With tomorrow being "National Feral Cat Day" (look for a special guest blog post on CAT CHAT from "Alley Cat Allies!") I thought it was only appropriate to highlight it again! Enjoy!
Michigan's own Sue Gibson contacted me back in June introducing herself, telling me that she works exclusively with feral cats, rehabbing them and finding homes for them when they are ready. She has worked with approximately 130 ferals (from four weeks to four years old) and says she has only had to find barn placement for two.
Sue's work with feral cats began in the Fall of 1996 when a pregnant feral stopped on her porch looking for food. The feral later was named "Cutie" by Sue and was with her from October 1996 through March 2002. Cutie produced 12 litters-37 kittens total (all of whom survived). Cutie should have been named "Smartie" because as hard as Sue tried to catch her to have her spayed Cutie outsmarted her at every turn. Sue was, however, able to bring all of the kittens in and place them in homes of their own (three of them remained with Sue).
Sue is self-taught in the ways of feral rescue. When she first started she found little support when she contacted various rescue groups, her vet offered support for a while but stopped when they no longer wanted feral cats at their facility.
As Sue says "simply for the love of the species". She thinks that cats are "the most misunderstood animals on the planet" (I have to agree). Each kitten is born with it's own "purrsonality". There are "people cats" and "aloof cats" in both feral and non-feral cats. It is about the personality. Just like in the case of people. There are people who are "people persons" and people who are not.
Sue uses large dog crates which prevent the cats from being able to hide under furniture etc. The crates enable the cats to get used to you being closer to them much faster. She sets the crates up with a small cat condo so they have a place to feel safe, a covered litter box (which also provides an extra level for the cats to perch on and affording them jumping exercise). She provides lots of toys and keeps toys within a paws reach outside of the crate to interest them.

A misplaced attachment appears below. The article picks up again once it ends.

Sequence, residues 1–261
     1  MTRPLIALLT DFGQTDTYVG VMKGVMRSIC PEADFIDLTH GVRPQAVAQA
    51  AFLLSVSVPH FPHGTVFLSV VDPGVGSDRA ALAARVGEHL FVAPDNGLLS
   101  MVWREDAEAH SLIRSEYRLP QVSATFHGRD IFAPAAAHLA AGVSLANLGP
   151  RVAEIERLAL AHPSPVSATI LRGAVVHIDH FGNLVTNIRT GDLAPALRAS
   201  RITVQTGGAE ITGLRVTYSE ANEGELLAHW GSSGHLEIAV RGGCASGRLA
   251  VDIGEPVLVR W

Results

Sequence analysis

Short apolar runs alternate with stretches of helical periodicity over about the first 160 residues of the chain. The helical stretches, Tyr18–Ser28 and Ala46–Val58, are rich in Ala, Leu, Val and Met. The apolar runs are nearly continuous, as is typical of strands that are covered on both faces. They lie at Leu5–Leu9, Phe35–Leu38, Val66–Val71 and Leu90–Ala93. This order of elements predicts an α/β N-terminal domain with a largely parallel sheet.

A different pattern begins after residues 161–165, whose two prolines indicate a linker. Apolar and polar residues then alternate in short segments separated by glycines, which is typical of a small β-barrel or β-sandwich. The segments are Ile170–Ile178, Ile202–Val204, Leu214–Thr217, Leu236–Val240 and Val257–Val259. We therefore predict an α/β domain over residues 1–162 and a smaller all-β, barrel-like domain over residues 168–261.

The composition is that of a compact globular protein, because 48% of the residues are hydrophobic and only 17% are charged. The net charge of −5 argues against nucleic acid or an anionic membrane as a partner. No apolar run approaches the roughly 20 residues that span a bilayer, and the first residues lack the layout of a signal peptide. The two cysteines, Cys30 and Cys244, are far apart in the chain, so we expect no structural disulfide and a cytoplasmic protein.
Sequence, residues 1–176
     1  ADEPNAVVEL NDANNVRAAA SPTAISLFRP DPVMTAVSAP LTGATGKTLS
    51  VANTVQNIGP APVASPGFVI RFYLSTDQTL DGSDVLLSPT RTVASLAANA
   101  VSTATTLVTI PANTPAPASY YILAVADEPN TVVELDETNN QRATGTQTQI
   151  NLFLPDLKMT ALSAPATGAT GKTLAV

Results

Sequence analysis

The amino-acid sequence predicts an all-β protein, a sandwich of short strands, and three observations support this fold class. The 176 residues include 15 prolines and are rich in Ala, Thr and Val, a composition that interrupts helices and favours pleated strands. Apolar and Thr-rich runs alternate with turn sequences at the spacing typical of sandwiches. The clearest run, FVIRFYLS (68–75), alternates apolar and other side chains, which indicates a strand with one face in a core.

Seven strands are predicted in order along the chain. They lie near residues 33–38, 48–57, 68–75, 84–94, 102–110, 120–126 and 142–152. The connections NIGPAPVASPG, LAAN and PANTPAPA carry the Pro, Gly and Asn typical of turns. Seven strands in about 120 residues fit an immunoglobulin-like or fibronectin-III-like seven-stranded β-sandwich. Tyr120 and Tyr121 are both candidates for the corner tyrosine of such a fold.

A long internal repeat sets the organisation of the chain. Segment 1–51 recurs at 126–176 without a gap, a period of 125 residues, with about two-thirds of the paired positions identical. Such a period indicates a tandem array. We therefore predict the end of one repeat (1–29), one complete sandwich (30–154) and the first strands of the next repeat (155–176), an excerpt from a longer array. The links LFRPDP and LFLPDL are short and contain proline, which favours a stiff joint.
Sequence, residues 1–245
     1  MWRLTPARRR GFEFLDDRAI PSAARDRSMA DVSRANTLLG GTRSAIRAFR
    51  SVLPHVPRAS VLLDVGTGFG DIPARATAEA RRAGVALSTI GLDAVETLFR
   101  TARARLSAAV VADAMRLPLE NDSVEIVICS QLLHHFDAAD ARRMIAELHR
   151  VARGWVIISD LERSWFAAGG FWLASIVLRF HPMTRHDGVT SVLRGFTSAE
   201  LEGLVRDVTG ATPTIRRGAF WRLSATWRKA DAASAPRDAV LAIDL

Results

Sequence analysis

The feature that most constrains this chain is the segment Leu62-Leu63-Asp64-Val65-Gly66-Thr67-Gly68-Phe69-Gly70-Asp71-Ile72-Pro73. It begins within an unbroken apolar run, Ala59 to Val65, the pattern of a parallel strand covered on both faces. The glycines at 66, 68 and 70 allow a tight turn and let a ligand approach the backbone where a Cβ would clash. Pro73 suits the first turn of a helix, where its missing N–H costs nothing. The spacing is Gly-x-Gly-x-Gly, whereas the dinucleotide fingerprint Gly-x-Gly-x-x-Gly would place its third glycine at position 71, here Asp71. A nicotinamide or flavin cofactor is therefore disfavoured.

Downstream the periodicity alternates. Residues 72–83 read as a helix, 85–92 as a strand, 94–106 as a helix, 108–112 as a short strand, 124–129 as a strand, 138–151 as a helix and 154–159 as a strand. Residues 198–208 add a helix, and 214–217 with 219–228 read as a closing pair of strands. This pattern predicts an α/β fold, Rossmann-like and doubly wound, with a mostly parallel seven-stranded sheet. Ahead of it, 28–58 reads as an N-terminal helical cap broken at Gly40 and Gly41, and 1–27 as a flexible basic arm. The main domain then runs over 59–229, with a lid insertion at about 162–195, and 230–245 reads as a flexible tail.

For cats fearful of being touched Sue uses an ingenious method of having a "feather stick" lightly stroke their back and when Sue knows they like that and are comfortable she can then use her hand to stroke their back.
What is the turn around time on rehab?
Sue says it is always different and depends on the individual cat, what they have been through and how fearful they are. Some of her success rates have been as brief as 3 days, others as long as nine months. Sue's critieria for deciding when a cat can come out of a crate is when the cat greets her at the crate door when she shows up wanting her to pet it.
Sue takes great pride in cats that are more difficult to work with. She says "I like the fact that I can take them from being nasty or difficult and turn them into a cat I can toss over my shoulder and walk around the house with. It is very rewarding to see former ferals living in the lap of luxury and enjoying life, especially during the winter when the temperature drops below freezing! I have an upper balcony where my cats love to sit and enjoy the sunshine-no one has ever tried to jump. It's almost like their attitude is been there-done that, not interested!!"
Sue is more than happy to offer any assistance in the form of advice, trapping, loaning out a crate, setting it up and teaching people how to do what she does. She makes house calls! She wants it known though that she cannot bring them home with her. (She has 11 permanent houseguests since she began working with feral cats in 1996) You may contact Sue Gibson at: 248-457-7149 or email: firstname.lastname@example.org